BBC staff have voted to strike during the opening of the Commonwealth Games in a dispute over pay.
The broadcaster said it will do all it can to ensure uninterrupted coverage of the Games after members of the National Union of Journalists (NUJ), Bectu and Unite voted in favour of the industrial action on July 23, the day of the opening ceremony.
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BBC staff will strike from 11.59am until 11.59pm, affecting all parts of the corporation, followed by a work-to-rule from midnight on July 24.
The move comes in protest at a pay offer of £650 for those earning less than £50,000 a year and £500 for employees on more than £50,000. The NUJ wants to see staff awarded a better pay rise and says capping executive pay at £150,000 would free up money to do that.
Michelle Stanistreet, general secretary of the union, said: "The decisive turnout and result clearly demonstrate that journalists across the BBC are not prepared to put up with paltry pay deals any longer, while those running the corporation continue to enjoy their lavish salary and perks.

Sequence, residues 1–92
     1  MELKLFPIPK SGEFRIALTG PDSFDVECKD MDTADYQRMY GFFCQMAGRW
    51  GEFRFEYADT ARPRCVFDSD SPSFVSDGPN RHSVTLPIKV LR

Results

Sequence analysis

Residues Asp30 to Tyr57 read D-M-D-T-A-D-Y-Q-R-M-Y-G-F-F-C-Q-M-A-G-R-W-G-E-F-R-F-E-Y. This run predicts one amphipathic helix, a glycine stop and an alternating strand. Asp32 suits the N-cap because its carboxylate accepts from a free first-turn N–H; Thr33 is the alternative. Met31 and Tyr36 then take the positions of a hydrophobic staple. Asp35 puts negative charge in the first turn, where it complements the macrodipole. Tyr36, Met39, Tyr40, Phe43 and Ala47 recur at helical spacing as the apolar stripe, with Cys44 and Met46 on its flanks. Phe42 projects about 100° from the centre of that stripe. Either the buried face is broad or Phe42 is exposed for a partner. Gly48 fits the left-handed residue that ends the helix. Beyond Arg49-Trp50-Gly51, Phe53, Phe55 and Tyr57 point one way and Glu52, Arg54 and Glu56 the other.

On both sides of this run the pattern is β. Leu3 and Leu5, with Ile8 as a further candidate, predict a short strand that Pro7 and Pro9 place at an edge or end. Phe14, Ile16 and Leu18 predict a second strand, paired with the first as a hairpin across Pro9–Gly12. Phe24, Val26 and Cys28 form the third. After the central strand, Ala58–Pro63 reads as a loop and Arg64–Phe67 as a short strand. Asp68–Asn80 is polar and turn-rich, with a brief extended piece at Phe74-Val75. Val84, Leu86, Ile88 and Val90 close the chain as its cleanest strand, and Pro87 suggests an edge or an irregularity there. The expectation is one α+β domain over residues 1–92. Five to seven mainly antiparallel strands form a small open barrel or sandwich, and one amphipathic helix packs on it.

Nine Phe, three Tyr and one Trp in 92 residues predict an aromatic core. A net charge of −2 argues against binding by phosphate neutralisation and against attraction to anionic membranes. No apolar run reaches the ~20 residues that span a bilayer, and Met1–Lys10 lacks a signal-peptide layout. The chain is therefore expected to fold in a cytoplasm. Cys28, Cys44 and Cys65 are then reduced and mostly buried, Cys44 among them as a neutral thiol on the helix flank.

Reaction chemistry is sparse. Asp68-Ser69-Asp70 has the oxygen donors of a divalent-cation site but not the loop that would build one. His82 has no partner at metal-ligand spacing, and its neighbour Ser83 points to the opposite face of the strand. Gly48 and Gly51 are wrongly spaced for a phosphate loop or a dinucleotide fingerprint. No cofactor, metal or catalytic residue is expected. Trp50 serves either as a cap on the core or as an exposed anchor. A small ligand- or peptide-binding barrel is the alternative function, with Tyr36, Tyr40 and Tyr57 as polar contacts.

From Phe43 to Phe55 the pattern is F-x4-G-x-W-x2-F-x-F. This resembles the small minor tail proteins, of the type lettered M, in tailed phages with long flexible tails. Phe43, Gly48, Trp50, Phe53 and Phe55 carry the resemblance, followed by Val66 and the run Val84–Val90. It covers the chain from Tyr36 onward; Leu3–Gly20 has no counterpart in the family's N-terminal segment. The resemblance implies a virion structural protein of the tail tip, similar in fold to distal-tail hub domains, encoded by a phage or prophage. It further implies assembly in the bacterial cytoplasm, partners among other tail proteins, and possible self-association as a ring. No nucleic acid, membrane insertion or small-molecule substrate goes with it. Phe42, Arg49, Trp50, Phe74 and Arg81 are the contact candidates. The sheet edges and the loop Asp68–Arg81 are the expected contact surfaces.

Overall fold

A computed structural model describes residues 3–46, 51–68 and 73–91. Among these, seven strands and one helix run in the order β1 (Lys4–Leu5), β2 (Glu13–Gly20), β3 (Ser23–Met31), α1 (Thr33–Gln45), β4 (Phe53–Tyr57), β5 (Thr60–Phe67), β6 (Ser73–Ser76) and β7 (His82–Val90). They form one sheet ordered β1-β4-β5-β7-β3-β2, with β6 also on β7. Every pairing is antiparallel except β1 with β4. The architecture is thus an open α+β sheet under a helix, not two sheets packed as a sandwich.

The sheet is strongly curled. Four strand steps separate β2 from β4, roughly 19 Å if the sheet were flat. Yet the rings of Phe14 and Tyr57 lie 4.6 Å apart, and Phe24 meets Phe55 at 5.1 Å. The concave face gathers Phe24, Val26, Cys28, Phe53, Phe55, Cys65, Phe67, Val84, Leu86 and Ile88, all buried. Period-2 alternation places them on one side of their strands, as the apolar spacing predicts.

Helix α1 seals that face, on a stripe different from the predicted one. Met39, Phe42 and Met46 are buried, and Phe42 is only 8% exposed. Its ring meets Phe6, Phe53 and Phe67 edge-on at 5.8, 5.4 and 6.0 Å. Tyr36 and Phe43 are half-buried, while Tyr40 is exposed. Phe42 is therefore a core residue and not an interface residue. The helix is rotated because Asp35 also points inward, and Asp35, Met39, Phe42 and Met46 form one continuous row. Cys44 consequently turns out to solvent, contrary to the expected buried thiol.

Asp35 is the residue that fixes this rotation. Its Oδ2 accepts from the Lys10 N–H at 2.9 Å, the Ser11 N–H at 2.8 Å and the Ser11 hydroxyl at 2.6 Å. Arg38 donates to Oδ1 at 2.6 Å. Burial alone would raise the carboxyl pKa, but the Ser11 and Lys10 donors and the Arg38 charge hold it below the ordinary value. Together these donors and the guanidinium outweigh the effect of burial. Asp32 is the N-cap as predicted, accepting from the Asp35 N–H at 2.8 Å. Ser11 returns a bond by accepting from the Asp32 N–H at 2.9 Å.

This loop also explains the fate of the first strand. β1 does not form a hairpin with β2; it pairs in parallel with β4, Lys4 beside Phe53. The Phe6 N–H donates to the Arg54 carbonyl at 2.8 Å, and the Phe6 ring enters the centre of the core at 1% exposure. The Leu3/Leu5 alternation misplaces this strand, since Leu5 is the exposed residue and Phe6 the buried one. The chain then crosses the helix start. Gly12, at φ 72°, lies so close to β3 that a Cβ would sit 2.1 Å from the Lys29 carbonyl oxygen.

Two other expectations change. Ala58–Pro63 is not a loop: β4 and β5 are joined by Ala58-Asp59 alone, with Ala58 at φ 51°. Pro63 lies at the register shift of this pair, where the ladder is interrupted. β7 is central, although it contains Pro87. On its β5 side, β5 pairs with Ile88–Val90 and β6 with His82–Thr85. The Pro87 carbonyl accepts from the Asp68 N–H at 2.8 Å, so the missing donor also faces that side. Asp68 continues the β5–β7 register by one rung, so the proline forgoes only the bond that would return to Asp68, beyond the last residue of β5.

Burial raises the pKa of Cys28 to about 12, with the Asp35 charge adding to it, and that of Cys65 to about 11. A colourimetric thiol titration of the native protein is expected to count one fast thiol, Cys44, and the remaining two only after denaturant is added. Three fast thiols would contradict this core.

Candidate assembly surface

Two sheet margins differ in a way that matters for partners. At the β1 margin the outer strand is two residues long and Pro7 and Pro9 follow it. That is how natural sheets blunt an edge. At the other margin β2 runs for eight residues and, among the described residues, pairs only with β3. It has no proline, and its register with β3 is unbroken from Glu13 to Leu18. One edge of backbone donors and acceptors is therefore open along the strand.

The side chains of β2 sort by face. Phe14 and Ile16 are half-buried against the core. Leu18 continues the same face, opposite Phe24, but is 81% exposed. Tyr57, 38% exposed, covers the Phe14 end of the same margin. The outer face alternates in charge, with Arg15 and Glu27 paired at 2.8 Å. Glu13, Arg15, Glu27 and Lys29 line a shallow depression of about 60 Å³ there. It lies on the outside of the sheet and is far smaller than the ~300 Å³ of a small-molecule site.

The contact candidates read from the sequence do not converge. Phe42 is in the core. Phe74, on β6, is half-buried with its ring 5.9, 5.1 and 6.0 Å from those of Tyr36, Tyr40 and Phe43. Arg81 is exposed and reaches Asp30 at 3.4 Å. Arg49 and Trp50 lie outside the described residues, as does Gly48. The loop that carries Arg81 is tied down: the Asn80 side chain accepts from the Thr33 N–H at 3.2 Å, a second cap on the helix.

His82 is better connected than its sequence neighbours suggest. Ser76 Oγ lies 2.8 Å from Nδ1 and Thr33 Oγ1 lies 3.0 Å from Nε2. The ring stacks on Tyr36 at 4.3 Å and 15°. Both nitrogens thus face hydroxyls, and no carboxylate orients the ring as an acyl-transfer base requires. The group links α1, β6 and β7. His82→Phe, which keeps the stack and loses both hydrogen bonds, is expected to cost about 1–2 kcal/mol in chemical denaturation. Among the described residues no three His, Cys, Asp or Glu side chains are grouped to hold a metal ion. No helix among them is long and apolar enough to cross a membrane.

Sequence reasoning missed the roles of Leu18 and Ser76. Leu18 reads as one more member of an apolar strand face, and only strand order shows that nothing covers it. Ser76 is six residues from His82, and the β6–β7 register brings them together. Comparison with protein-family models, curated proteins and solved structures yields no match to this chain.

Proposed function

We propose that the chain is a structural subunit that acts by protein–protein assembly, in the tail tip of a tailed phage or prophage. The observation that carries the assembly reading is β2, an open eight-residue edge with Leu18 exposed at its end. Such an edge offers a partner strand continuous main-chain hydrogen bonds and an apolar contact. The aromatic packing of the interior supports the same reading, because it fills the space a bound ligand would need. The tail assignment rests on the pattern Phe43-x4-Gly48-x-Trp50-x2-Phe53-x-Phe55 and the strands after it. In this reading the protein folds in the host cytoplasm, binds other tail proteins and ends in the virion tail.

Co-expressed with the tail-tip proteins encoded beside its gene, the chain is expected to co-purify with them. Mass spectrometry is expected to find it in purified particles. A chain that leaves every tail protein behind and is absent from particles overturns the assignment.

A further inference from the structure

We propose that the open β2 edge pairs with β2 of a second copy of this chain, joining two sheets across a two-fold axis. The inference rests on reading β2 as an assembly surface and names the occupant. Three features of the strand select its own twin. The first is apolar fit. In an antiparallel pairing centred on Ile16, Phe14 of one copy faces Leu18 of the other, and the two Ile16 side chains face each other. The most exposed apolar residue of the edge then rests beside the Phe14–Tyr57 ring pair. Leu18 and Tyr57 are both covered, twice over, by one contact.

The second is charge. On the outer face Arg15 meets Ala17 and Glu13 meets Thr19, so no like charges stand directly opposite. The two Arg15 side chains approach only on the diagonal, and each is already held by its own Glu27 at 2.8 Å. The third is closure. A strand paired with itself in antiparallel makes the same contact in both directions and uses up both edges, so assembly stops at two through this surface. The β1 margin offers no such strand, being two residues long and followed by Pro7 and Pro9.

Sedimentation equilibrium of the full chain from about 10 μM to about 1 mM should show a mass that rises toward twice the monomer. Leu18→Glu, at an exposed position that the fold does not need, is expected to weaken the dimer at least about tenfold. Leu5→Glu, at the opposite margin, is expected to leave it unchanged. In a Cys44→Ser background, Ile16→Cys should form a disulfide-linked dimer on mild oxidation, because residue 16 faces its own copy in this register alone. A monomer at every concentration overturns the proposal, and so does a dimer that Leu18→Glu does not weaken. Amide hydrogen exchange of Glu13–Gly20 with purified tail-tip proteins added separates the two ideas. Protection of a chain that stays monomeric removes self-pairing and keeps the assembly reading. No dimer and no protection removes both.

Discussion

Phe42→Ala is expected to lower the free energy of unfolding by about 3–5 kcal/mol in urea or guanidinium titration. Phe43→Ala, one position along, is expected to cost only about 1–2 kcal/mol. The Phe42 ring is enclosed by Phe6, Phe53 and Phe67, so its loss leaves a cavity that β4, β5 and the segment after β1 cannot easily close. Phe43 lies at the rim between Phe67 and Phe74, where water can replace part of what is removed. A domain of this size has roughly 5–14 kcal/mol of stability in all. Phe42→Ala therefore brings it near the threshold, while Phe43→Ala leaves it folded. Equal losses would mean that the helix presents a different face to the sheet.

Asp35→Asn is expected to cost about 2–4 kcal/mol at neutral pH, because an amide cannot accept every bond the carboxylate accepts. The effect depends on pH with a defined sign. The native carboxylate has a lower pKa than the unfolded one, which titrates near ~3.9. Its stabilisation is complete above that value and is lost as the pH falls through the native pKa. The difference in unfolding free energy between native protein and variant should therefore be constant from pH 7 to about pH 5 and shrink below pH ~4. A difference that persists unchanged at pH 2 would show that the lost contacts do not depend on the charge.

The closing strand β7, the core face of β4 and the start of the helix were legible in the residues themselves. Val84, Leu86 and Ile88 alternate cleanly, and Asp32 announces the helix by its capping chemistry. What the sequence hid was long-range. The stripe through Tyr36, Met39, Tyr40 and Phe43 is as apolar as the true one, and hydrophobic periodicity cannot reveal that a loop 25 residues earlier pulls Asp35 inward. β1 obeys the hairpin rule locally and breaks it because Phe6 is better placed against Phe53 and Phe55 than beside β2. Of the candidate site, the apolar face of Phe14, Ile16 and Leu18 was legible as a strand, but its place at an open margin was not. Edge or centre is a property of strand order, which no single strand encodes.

"Members are clear that they are prepared to take sustained action in this dispute and will name further dates if the dispute is not resolved. It's time for the BBC to re-evaluate its position and to resolve this dispute by negotiating a sensible and fair pay rise for staff who work so hard, for modest salaries."
The decision has prompted anger from some parties, with the Tories describing the move as unnecessary.
Scottish Conservative sports spokeswoman Liz Smith MSP said: "The news of this strike is extremely disappointing, especially because it is clearly deliberately timed to coincide with the launch of the Commonwealth Games.
"There is absolutely no need for this strike to go ahead. When athletes have given up so much to train and prepare for the opportunity of a lifetime, the various unions are preparing to strike, which has the potential to cause completely unnecessary unrest just when the Games are beginning."
A spokesman for the BBC said: "We will do all we can to bring our audience uninterrupted coverage of the Commonwealth Games. In the meantime, we will continue to speak to the unions in an attempt to resolve this dispute.
"However, we have already made an improved offer and we are mindful that across the BBC we need to make significant savings and deliver more for less."
A spokeswoman for Glasgow 2014 and Games Partners, including the Scottish Government, said: "We understand that the BBC are doing all they can to bring full coverage of the Glasgow 2014 Opening Ceremony to audiences."